Highly Educated and Living Alone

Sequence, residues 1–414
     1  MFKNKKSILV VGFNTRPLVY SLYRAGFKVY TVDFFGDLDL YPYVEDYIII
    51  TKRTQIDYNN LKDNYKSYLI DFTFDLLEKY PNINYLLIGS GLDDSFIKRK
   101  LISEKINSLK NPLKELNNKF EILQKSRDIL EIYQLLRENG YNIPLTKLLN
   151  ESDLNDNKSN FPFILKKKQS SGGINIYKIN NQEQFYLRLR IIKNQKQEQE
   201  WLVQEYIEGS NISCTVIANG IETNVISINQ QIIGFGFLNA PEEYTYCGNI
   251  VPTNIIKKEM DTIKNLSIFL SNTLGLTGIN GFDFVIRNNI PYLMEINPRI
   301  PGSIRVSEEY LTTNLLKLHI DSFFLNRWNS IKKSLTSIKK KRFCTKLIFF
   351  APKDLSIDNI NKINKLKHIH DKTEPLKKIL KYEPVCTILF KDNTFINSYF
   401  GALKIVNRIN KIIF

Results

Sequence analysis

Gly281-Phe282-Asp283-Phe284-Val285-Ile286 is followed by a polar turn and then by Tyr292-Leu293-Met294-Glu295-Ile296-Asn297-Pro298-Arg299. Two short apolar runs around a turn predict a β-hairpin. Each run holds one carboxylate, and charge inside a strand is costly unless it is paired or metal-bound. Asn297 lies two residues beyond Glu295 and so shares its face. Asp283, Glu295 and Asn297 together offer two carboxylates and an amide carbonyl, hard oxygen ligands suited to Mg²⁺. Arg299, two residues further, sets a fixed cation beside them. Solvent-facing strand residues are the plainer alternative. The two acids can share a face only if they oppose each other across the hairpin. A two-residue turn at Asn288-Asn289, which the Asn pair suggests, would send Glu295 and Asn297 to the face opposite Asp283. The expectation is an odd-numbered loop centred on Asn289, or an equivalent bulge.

Previous research about living arrangements has tended to focus on the older population or those in young adulthood, but not much research exists about the working-age population (ages 30-64). A study by Glenn Sandström and Lena Karlsson used data from the Generations and Gender Survey to see if there is a connection between one’s educational level and whether one lives alone. Looking at 12 European countries and taking their ranking in the Gender Gap Index into consideration, they found that in countries considered more gender equal (e.g. Sweden, the Netherlands and Belgium), those with a higher education are less likely to live alone. But amongst those in less gender equal countries (e.g. Italy and Poland), the opposite is true with higher educated people more likely to live alone. Adding the component of gender, women in less gender equal countries are more likely to live alone than men. More people living alone in mid-life can have political implications since previous research has found that many of these individuals will also enter old age as single living individuals, which is also a group more susceptible to adverse health outcomes and poverty.